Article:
I, too, may just be playing a semantic game. There may be no real difference between “sin nature” and “sinful body” and “sinful flesh.” But Paul in Romans 5-8 presents sin as an alien force from which Christians can get delivered and be set free. If that’s true, how can Christians be said anymore to have a “sin nature” if they have been set free from sin, having died to the Law and having died to sin? Perhaps unregenerated, unsaved, unbaptized, unspiritual people have a “sin nature.” But do those who have received the Spirit of Christ, having been baptized into His death and been raised up to walk in newness of life, who have put on Christ and have been set free from the law of sin and of death, have a “sin nature”?



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Joey

posted February 16, 2009 at 9:25 pm


EricW………Wouldn’t your last question you posed then, be the never ending battle of the flesh vs. the spirit on this side of Heaven? This is what I’m understanding Paul to say about it.
Back to the OP’s topic at hand, if sin did not enter the world through Adam, then how did it enter the world?



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Justin

posted February 16, 2009 at 10:04 pm


Joey said”Back to the OP’s topic at hand, if sin did not enter the world through Adam, then how did it enter the world?”
That’s the point of Tony saying that HOW you read the Gen. Story is important. If the story is historically true (historicity), then that would seem to be the very question that the story is addressing. However, if it was not historically true, but was a cultural story passed down to give a metaphorical truth to how the Jews understood the problem of evil/sin/transgressions (I think the latter is a better word, less baggage), then we need to look at and understand this new (for us), yet ancient understanding of the text.
There is no real evidence that this story was meant to explain the history of sin. Rather the narrative seems to give a picture of our tendency to pull away from God. We have raised this story to be this ultimate explanation of how Sin entered into the world, but if we look at it through the lens of Jewish history and understanding, it is another story that falls into the reoccurring theme of “turning from God”. This theme pops up again and again throughout Israel’s history (golden calf, fall of Jerusalem, etc…). However, the beauty and significance of this passage is now open to new understandings because we’ve freed the text from our tendency to read our doctrine back into the text to make it mean something it never did.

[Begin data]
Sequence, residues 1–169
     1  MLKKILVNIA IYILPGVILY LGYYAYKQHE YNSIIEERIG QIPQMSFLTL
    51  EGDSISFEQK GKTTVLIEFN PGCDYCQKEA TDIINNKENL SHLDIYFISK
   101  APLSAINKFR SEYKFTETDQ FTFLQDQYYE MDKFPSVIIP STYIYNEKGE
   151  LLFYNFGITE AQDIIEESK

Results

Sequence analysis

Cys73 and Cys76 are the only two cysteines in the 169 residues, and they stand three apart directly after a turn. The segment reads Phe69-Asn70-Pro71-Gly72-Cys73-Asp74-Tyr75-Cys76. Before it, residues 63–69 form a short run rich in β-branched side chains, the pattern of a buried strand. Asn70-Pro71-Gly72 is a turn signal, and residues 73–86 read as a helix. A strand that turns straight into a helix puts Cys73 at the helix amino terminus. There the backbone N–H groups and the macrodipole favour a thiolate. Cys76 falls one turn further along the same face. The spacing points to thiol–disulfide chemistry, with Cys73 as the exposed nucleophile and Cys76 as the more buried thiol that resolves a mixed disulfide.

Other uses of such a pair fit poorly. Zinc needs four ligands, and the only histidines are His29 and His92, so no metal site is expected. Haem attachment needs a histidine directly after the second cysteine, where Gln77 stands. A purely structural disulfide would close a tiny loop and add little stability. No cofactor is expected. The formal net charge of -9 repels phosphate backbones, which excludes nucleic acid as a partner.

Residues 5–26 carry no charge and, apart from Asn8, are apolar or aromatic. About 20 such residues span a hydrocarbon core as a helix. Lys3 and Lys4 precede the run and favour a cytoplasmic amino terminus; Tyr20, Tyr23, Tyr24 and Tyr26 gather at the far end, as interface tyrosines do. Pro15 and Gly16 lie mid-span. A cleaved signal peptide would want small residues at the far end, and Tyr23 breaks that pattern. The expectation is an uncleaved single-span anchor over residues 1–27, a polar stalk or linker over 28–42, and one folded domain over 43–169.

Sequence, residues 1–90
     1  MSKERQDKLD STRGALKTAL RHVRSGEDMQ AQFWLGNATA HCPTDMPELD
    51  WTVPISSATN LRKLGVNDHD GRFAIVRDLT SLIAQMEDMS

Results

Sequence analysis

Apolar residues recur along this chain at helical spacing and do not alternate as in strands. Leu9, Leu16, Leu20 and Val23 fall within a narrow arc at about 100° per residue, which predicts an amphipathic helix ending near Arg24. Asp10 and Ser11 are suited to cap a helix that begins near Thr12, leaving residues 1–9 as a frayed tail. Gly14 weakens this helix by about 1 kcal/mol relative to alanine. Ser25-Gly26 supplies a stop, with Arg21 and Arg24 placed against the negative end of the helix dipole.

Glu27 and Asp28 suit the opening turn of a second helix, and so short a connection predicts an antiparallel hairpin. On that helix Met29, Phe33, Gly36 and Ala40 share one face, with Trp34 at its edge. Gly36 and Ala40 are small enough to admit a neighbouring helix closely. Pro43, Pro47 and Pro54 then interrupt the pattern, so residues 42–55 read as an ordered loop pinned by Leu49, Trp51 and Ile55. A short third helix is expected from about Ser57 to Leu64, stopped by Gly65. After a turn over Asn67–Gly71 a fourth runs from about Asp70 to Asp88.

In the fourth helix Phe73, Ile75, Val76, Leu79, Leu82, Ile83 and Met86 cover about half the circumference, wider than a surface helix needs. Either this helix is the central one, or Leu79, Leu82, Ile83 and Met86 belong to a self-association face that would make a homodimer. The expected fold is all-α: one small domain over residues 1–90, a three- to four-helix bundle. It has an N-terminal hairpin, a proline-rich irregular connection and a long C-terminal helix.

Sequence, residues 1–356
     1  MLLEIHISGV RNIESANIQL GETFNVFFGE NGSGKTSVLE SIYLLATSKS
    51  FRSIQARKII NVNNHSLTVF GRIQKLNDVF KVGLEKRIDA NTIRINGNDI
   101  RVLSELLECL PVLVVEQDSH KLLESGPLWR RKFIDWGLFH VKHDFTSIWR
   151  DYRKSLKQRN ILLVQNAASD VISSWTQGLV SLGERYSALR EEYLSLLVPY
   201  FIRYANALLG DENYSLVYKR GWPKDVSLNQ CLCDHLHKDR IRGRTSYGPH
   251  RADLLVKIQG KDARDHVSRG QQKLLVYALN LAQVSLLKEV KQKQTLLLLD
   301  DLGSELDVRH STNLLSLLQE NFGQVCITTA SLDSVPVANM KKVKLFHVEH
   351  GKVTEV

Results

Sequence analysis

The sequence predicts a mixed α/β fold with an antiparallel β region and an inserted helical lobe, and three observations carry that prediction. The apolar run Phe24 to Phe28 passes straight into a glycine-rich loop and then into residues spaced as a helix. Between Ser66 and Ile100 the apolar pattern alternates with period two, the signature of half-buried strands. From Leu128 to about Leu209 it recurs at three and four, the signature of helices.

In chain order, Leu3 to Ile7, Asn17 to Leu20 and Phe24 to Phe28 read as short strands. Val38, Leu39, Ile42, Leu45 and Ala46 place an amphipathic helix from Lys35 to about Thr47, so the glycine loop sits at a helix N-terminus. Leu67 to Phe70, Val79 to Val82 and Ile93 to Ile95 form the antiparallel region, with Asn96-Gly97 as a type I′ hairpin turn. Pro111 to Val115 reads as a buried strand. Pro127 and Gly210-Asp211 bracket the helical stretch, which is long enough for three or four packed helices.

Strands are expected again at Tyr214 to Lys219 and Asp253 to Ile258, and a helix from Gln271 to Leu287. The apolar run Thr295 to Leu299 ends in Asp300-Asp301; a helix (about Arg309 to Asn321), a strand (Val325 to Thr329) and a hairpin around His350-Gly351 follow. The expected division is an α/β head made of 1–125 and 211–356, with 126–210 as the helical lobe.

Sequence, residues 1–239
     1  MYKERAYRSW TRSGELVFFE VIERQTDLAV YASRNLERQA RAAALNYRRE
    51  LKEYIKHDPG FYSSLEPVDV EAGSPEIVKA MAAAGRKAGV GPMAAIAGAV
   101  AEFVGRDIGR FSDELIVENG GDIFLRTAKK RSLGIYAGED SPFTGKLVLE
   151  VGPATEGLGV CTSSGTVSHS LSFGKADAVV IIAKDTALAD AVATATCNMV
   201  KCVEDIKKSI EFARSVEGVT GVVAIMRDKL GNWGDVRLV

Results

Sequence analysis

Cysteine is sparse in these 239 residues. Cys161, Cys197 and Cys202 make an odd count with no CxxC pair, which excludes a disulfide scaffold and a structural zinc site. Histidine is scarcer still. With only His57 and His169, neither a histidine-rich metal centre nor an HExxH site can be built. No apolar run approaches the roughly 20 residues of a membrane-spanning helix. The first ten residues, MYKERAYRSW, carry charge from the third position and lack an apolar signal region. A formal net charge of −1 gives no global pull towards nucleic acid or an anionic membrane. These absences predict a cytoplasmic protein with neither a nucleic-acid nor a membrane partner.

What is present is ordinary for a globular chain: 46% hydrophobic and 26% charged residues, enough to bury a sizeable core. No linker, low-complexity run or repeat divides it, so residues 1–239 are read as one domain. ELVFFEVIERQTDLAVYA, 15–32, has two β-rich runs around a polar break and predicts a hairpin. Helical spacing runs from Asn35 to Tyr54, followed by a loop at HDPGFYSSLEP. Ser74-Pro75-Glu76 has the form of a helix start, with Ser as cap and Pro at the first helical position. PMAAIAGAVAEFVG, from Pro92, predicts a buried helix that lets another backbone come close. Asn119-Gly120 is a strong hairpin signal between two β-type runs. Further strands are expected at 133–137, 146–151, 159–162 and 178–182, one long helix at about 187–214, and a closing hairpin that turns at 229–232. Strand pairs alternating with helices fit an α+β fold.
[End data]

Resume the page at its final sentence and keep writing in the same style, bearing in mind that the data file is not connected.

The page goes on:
Now the text (in light of the common theme of Israel’s independent streak), now show us that 1) that it is not always a nation that turns from God, it happens on an individual level first, and then can easily spread through an abuse of relationships. And 2) that even in the midst of “perfection” (the Garden), we would find some way to try and pull away from our dependence and relationship with God. We would, and always will “break the covenant”. However, God never will turn from us, even if we urn from him. Yes, there will be consequences for our actions, but even in the midst of those consequences we can see the hand of grace reaching to us. Even though the “Garden” (ideal) doesn’t exist, God’s covenant relationship with his creation will always remain.
I think there is far more to teach from this passage but one can begin to see the untapped richness (at least untapped in modern Christianity) when a text like this is freed from our held-fast doctrines and allowed to speak life, hope, and truth once again.